• "Early fuzzboxes used germanium transistors, but by the end of the 1960s these were starting to replaced by silicon transistors which are more uniform in performance and less affected by changes in temperature and by source impedance. In the 2000s, many boutique guitar effects builders began to offer fuzz pedals with germanium transistors for a "retro" sound." No references found, appears to be original research.--Atlantictire (talk) 15:39, 8 May 2011 (UTC)
    Nonetheless, it's true. For references for the first part, you'd need the schematics of several early fuzzboxes, plus a few later ones, but they're all out there on the internet for anyone who wants to look. For the second part, you only need do a quick search for boutique fuzzes to find a pile that use germanium transistors.Electricdruid (talk) 19:59, 13 February 2014 (UTC)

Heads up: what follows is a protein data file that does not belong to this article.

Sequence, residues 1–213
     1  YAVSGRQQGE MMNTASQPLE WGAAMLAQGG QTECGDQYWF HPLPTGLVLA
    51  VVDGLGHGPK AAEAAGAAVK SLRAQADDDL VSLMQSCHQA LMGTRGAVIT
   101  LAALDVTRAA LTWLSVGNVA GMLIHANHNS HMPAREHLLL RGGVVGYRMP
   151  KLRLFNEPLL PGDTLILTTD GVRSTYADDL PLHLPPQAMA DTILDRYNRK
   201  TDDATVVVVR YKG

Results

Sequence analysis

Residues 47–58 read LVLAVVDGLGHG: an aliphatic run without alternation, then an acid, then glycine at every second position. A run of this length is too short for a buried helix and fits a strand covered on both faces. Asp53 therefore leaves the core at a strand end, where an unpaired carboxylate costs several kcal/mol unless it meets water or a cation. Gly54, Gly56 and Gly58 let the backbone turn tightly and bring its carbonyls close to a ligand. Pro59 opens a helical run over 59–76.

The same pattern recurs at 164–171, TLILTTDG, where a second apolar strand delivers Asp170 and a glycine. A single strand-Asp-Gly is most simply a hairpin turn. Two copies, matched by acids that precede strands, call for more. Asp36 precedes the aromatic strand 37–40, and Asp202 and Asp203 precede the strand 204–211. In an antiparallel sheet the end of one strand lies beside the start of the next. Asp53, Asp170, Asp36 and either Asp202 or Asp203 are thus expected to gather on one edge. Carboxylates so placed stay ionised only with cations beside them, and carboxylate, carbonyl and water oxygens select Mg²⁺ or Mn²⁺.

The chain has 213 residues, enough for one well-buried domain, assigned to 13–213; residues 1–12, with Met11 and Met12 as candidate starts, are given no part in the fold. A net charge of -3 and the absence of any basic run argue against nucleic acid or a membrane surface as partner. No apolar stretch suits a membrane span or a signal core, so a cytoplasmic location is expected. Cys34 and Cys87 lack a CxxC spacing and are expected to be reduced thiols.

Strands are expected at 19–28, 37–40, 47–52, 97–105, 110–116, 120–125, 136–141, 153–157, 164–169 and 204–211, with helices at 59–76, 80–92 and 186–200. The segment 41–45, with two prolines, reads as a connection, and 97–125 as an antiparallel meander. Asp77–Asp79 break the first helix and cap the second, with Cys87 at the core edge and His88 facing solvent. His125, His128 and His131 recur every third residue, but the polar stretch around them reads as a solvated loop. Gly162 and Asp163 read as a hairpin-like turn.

Please have a look at WP:OR. Looking at schematics and other WP:PRIMARY sources is not an ideal approach. It would be better to find a magazine article or book or even a blog that talks about this. ~KvnG 16:06, 16 February 2014 (UTC)


    I've added a Todo template to this page and populated it with things I noticed during my recent edits. Feel free to add more stuff. If anything on the list strikes you as controversial, feel free to discuss it here. --Kvng (talk) 18:18, 10 May 2011 (UTC)

    Let's first try to reference the information already in the article. Searching for references is a good way to sift the original research from the verifiable info. I'd hate for anyone to write a lead for stuff that needs to be cut!--Atlantictire (talk) 20:27, 10 May 2011 (UTC)